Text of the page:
Unity Game Dev.

Posted 3 years ago2020-10-15 16:23:54 UTC
After mapping for Goldsource for 16+ years, it's time for something different.

I've been messing with Unity and learning C# in my spare time.

I want to make very simple 2D games and have already started a simple platformer.

So far i've programmed my character to respond to the arrow keys and move side to side and jump. He also plays his idle and walk animations. I did so by following along tutorials on YouTube but took a step back to run through tutorials on C# in general. It's a huge beast to understand for someone like me but i'm very slowly beginning to understand the fundamentals.

Does anyone here have experience in Unity?


Commented 3 years ago2020-10-15 17:00:20 UTC Comment #102955
While I don't have any significant experience with Unity (not to say I didn't try it out), I can tell you about modern engines in general:
  • map geometry is all made of models; although some engines like Godot and Unity have decent CSG plugins
  • as you've already witnessed, you start from scratch; you must invent your own movement physics or use a physics engine, you must invent your own system for this and that, specific to your game, basically everything is from scratch and all the engine does is handle the lower-level stuff like allocating memory for entities & components, render stuff and stuff like that
  • as you might've also noticed, asset importing is much easier; you can just drag'n'drop stuff, either into the editor's asset explorer or into some folder in your project
I think you made a nice choice if you haven't messed with programming before. C# is easier and forgiving compared to C++.
At some point, you might also wanna try out Godot which also supports C# (alternatively, it offers its own scripting language GDScript), and there's a TrenchBroom plugin for it to directly import TrenchBroom maps or something.

I, personally, occasionally experiment with Unigine 2 and CryEngine 5, which are big behemoths (but still perform better and run better than UE4 AHAHAHA), and otherwise I work with idTech 3 (Quake 3 engine) and idTech 4 (Doom 3 engine), with which I've done some more significant progress.
Though, I'm also planning to do some stuff in Unity and Godot.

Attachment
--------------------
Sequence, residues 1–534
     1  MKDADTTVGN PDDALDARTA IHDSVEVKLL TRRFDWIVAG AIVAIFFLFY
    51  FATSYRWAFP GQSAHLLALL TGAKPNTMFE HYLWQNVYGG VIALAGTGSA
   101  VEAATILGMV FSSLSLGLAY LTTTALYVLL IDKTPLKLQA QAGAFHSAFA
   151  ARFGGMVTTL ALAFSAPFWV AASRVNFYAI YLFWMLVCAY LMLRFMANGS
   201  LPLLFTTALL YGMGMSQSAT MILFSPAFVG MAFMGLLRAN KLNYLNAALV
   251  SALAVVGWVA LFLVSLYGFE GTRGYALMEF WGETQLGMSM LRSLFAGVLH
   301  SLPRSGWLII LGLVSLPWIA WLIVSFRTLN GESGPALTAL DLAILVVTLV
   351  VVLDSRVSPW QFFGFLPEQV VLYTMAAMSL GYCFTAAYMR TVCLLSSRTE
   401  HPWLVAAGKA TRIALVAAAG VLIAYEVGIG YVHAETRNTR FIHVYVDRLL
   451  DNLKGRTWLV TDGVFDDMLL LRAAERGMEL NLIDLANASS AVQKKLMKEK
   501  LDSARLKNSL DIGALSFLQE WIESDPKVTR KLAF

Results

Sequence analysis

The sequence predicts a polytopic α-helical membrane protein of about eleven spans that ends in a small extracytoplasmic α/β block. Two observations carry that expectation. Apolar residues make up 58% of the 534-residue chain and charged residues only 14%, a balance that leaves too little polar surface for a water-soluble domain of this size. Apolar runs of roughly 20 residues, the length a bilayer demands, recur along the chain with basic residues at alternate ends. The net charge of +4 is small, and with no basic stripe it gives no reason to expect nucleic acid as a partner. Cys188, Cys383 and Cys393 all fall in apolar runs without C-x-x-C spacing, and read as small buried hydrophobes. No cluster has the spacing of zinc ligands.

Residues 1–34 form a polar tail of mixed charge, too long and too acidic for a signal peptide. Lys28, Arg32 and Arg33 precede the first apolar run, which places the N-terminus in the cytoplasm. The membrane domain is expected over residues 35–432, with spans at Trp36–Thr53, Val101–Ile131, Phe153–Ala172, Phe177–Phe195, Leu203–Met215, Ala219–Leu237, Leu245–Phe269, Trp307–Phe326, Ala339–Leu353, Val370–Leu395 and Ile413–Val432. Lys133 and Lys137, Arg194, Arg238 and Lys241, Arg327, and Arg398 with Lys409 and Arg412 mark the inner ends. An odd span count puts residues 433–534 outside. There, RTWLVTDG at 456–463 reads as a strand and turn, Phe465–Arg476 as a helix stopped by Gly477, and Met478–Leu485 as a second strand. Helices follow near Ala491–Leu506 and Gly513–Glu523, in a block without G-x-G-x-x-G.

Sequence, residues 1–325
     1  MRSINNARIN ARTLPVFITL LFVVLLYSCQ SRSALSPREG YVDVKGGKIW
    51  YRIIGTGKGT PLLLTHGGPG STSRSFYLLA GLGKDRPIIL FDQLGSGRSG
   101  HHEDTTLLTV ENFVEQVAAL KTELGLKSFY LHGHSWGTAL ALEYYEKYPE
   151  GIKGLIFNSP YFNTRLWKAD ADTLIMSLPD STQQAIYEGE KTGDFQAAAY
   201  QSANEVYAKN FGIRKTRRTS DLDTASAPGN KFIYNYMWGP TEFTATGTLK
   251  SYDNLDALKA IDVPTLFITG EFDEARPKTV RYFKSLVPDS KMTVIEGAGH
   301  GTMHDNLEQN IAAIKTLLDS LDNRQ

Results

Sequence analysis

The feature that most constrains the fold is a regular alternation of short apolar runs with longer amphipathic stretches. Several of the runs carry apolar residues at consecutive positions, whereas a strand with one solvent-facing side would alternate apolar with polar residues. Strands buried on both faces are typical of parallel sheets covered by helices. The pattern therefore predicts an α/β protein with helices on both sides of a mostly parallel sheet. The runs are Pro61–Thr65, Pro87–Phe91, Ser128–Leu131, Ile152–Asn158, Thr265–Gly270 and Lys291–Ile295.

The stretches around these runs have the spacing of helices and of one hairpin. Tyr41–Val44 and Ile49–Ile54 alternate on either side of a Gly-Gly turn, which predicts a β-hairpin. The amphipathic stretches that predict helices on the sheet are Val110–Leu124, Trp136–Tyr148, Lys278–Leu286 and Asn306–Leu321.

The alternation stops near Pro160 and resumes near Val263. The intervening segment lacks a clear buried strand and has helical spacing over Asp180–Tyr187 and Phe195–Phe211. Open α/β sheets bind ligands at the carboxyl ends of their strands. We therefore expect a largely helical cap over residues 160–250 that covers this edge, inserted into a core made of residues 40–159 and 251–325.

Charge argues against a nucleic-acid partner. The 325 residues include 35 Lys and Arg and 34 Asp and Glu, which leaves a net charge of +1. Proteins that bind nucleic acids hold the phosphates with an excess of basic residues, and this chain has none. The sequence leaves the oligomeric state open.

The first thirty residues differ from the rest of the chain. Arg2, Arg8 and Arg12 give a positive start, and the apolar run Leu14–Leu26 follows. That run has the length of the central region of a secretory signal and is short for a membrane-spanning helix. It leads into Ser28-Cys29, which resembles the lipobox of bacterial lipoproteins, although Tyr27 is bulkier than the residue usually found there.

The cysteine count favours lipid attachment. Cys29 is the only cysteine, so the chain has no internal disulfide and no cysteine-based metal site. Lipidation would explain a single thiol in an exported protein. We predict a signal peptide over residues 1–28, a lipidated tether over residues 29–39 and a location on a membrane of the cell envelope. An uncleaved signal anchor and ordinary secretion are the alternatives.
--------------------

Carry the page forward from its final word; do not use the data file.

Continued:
Commented 3 years ago2020-10-15 17:10:07 UTC Comment #102956
Thanks for the insight Admer.

As far as i've seen, map geometry for me at least with 2d design is based on simple 2d collider boxes defined by the user that use pre built in physics in the unity engine. It's pretty easy to manipulate and from the small amount of 3d that i've seen, you can use the existing model geometry/ mesh to create colliders for 3d geometry as well.

This sounds great however if my character jumps from high enough above a 2d platform, he goes straight through the geometry. I guess it's kinda buggy.
Commented 3 years ago2020-10-15 18:16:36 UTC Comment #102957
Oh right, I was talking about 3D when I mentioned map geometry, lol.

The reason behind going straight through geometry is that triangles are infinitely thin. The physics engine isn't aware of the "volume" of the mesh, so of course it's gonna screw up the collision at high velocities. You can think of it like treating each triangle as a separate physics object, completely disregarding the big picture. If it worked flawlessly, taking into account the volume of a concave mesh, it'd be very slow. xD

Generally, what people do in that situation is make a dedicated group of convex collision meshes (e.g. a table would have 1 wide rectangular prism, and 4 thin cylinders for collision), in which case it's easier for the physics engine to process it and it's aware of the volume. Dunno how that one works in Unity, but at least you can use a bunch of box & cylinder colliders to approximate the mesh.
Commented 3 years ago2020-10-16 15:50:20 UTC Comment #102958
First dev log
Commented 3 years ago2020-10-16 19:52:54 UTC Comment #102959